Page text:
A good recollection, Charles. I can recall visiting some science fairs in the late 1950's and early 1960"s and seeing various computational functions executed in hard-coded relay logic. And I have seen some of the older industrical control panels with a hundred or more of the little "ice cube" type relays, all running some fairly complex machines. Those were more the logic type of relays, while the cast-offs that I had were more toward the power types, with contacts designed to switch ten amp loads all day long.
Indeed, Chuck. And it also gives kids an idea of what they are interested in at an early age, leading them down the right path vocationally. Hopefully this leads them to a fitting and fulfilling career. If kids become interested in engineering early through clever toys, it might save them time later on deciding what they want to do with their life.
My education about electricity and circuits began with building simple sequencing circuits using cast-off Allen Bradley control relays. They were easy to understand since all of the contacts were in the open, easy to watch as they opened and closed. And all of it ran on 110 volts AC power, so there were no batteries to go dead on me. The designs were noisy and sparky and quite entertaining to a nine-year-old, and they amazed my friends who came to watch them work. What a great way to recycle industrial controls parts that weere just a bit obsolete. Later on I did get one of those educational electronic kits that made a bunch of different projects. I don't think that anyone worried about the 150 volts DC power that they used, and I know that I didn't get shocked by it while using it, so it must have been safe, somehow.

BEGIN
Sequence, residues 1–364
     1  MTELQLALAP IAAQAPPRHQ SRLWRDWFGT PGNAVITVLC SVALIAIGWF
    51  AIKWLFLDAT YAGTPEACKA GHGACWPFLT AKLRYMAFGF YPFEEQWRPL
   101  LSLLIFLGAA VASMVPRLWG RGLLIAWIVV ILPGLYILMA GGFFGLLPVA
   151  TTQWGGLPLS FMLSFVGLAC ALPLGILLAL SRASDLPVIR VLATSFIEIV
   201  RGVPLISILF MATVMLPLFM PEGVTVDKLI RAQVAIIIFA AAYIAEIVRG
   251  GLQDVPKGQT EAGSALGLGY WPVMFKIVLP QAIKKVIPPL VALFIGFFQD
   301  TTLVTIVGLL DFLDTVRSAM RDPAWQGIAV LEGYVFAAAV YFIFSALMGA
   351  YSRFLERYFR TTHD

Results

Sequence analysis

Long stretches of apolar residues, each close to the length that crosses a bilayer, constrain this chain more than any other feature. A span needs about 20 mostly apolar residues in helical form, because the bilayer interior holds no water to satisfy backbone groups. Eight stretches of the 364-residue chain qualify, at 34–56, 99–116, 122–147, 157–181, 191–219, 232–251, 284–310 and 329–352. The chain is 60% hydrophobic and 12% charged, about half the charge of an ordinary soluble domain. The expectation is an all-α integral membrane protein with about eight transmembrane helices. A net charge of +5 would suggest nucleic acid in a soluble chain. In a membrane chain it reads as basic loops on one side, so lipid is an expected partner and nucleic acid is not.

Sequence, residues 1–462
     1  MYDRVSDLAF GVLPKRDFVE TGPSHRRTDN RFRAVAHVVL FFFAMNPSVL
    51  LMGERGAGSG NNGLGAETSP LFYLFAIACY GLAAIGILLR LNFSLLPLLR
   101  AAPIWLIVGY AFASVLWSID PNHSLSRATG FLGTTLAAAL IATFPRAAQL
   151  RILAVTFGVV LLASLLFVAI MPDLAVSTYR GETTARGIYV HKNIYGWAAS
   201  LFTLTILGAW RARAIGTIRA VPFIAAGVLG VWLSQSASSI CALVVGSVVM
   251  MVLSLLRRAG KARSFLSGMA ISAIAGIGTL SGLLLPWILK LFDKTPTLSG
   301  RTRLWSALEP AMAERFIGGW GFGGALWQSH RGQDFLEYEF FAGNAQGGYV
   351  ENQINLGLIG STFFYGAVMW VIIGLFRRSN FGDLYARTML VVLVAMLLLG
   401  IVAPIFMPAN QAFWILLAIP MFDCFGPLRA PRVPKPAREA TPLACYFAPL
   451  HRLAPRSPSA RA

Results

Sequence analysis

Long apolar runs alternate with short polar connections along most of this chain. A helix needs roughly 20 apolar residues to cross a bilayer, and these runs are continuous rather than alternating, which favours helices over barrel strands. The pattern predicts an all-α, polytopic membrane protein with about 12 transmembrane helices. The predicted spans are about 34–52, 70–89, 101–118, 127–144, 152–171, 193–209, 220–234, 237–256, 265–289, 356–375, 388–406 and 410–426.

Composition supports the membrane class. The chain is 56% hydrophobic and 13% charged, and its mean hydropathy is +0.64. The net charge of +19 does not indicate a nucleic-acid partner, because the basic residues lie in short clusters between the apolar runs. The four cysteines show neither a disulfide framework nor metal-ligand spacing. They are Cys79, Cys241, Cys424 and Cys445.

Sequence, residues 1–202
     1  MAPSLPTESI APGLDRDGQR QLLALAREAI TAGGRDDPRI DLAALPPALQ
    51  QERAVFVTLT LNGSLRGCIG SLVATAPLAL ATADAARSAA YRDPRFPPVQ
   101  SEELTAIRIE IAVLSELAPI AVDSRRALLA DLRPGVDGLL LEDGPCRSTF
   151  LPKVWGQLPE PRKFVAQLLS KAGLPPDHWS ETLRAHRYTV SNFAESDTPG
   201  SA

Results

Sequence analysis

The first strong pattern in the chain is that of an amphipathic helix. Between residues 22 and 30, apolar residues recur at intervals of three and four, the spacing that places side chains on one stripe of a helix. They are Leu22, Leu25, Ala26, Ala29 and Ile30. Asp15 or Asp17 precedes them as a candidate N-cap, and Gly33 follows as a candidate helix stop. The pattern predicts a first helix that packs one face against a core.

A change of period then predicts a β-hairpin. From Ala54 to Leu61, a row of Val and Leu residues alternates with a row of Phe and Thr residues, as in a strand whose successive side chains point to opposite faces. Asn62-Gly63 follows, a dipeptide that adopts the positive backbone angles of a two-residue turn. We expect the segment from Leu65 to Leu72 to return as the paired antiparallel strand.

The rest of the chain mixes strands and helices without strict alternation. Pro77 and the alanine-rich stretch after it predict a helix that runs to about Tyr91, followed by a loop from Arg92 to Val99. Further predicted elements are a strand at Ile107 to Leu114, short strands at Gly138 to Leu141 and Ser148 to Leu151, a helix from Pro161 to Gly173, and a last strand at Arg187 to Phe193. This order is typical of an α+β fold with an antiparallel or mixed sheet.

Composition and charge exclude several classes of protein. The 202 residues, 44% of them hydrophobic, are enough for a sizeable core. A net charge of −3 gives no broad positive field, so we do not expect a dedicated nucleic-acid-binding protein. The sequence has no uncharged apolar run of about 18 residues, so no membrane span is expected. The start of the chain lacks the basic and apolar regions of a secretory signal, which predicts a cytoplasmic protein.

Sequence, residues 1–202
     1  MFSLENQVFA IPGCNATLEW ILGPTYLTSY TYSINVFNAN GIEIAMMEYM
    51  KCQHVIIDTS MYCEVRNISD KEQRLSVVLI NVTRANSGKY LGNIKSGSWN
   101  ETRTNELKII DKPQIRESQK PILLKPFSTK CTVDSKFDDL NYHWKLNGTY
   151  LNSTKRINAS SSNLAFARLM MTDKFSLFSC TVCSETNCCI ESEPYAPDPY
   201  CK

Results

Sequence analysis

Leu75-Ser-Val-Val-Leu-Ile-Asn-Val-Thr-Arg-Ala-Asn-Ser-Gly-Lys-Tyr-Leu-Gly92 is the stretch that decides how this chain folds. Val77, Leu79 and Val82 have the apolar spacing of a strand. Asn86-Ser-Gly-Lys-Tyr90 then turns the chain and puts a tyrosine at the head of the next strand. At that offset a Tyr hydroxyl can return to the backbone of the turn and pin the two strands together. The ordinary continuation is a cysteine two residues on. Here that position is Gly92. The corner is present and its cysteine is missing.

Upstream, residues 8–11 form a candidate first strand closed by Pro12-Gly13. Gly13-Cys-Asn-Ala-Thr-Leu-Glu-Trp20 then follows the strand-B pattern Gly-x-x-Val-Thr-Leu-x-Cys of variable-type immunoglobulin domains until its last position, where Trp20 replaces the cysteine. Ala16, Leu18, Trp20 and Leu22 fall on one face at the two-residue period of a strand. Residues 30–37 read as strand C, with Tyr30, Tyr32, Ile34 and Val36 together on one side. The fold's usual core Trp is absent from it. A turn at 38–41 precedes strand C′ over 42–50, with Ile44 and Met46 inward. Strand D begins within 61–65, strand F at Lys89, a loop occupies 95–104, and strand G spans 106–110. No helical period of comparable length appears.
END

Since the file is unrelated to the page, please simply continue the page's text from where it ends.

The only downside to this littleBits is that all the boards just click together in a proprietary way. There is no hands on configuring, like breadboards, etc. It still removes the kid from realizing, these circuits have to be constructed, each part.
I will admit, most engineering is based off on modules these days. So, may it's just a sign of the times.
Samsung's Galaxy line of smartphones used to fare quite well in the repairability department, but last year's flagship S5 model took a tumble, scoring a meh-inducing 5/10. Will the newly redesigned S6 lead us back into star-studded territory, or will we sink further into the depths of a repairability black hole?
In 2003, the world contained just over 500 million Internet-connected devices. By 2010, this figure had risen to 12.5 billion connected objects, almost six devices per individual with access to the Internet. Now, as we move into 2015, the number of connected 'things' is expected to reach 25 billion, ultimately edging toward 50 billion by the end of the decade.
NASA engineer Brian Trease studied abroad in Japan as a high school student and used to fold fast-food wrappers into cranes using origami techniques he learned in library books. Inspired by this, he began to imagine that origami could be applied to building spacecraft components, particularly solar panels that could one day send solar power from space to be used on earth.
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